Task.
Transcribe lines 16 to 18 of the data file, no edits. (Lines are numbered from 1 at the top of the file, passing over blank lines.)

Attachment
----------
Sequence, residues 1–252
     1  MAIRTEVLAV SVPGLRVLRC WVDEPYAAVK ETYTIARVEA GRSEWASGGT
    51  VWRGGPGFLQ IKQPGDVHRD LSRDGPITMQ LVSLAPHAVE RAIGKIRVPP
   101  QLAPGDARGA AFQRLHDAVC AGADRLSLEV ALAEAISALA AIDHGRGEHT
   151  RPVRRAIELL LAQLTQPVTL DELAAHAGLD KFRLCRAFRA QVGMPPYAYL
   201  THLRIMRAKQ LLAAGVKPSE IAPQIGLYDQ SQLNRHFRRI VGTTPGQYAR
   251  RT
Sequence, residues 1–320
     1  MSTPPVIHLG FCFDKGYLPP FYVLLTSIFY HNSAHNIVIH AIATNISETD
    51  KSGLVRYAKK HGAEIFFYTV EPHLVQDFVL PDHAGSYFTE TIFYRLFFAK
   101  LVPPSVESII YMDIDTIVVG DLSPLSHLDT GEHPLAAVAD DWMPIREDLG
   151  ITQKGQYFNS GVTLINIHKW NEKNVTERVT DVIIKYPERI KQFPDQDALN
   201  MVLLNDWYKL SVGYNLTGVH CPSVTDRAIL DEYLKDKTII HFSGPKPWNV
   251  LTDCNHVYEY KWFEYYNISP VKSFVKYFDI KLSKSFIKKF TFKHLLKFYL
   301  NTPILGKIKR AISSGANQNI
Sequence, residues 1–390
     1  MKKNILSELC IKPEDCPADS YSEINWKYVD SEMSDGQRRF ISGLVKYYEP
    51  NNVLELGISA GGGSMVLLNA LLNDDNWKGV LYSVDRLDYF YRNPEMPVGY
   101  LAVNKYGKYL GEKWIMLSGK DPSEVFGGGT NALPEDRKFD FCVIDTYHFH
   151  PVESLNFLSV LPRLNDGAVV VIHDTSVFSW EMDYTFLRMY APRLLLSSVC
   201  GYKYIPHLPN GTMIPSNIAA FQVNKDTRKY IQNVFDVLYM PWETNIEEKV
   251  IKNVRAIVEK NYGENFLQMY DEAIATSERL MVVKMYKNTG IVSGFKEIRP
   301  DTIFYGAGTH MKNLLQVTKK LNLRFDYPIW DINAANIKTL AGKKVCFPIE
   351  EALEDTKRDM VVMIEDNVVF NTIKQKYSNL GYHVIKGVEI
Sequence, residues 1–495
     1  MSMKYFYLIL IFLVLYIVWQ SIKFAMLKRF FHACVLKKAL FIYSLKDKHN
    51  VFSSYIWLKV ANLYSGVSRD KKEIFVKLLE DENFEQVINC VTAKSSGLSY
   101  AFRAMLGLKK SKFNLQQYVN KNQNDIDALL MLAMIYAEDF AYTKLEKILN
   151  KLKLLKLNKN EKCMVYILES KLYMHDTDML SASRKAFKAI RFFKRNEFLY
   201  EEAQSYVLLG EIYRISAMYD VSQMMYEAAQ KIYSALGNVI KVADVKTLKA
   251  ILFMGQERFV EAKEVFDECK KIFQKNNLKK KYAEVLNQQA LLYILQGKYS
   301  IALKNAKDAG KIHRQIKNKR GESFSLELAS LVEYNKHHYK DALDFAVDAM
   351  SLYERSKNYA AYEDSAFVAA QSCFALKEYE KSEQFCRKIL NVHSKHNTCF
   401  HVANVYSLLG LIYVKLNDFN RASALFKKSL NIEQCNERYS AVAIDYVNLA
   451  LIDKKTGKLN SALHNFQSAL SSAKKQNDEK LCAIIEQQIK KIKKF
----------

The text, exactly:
Sequence, residues 1–390
     1  MKKNILSELC IKPEDCPADS YSEINWKYVD SEMSDGQRRF ISGLVKYYEP
    51  NNVLELGISA GGGSMVLLNA LLNDDNWKGV LYSVDRLDYF YRNPEMPVGY